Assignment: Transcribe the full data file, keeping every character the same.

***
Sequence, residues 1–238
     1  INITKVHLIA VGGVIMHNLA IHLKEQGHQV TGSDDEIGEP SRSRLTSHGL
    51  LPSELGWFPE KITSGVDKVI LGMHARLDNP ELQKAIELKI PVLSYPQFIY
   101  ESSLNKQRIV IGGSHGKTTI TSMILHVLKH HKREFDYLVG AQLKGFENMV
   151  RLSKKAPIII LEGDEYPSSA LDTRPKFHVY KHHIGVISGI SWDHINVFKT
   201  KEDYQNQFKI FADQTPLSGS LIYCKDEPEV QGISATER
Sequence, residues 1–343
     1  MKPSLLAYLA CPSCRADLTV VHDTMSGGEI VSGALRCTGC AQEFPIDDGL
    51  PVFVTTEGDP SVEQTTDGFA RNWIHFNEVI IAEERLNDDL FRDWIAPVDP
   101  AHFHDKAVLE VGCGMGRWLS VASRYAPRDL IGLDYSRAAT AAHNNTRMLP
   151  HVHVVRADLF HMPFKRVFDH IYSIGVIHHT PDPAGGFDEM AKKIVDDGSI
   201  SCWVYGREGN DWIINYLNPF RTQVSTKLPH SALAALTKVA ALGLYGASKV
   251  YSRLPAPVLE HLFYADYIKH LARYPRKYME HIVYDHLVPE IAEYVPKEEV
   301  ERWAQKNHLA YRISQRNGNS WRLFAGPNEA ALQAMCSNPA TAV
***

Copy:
Sequence, residues 1–238
     1  INITKVHLIA VGGVIMHNLA IHLKEQGHQV TGSDDEIGEP SRSRLTSHGL
    51  LPSELGWFPE KITSGVDKVI LGMHARLDNP ELQKAIELKI PVLSYPQFIY
   101  ESSLNKQRIV IGGSHGKTTI TSMILHVLKH HKREFDYLVG AQLKGFENMV
   151  RLSKKAPIII LEGDEYPSSA LDTRPKFHVY KHHIGVISGI SWDHINVFKT
   201  KEDYQNQFKI FADQTPLSGS LIYCKDEPEV QGISATER
Sequence, residues 1–343
     1  MKPSLLAYLA CPSCRADLTV VHDTMSGGEI VSGALRCTGC AQEFPIDDGL
    51  PVFVTTEGDP SVEQTTDGFA RNWIHFNEVI IAEERLNDDL FRDWIAPVDP
   101  AHFHDKAVLE VGCGMGRWLS VASRYAPRDL IGLDYSRAAT AAHNNTRMLP
   151  HVHVVRADLF HMPFKRVFDH IYSIGVIHHT PDPAGGFDEM AKKIVDDGSI
   201  SCWVYGREGN DWIINYLNPF RTQVSTKLPH SALAALTKVA ALGLYGASKV
   251  YSRLPAPVLE HLFYADYIKH LARYPRKYME HIVYDHLVPE IAEYVPKEEV
   301  ERWAQKNHLA YRISQRNGNS WRLFAGPNEA ALQAMCSNPA TAV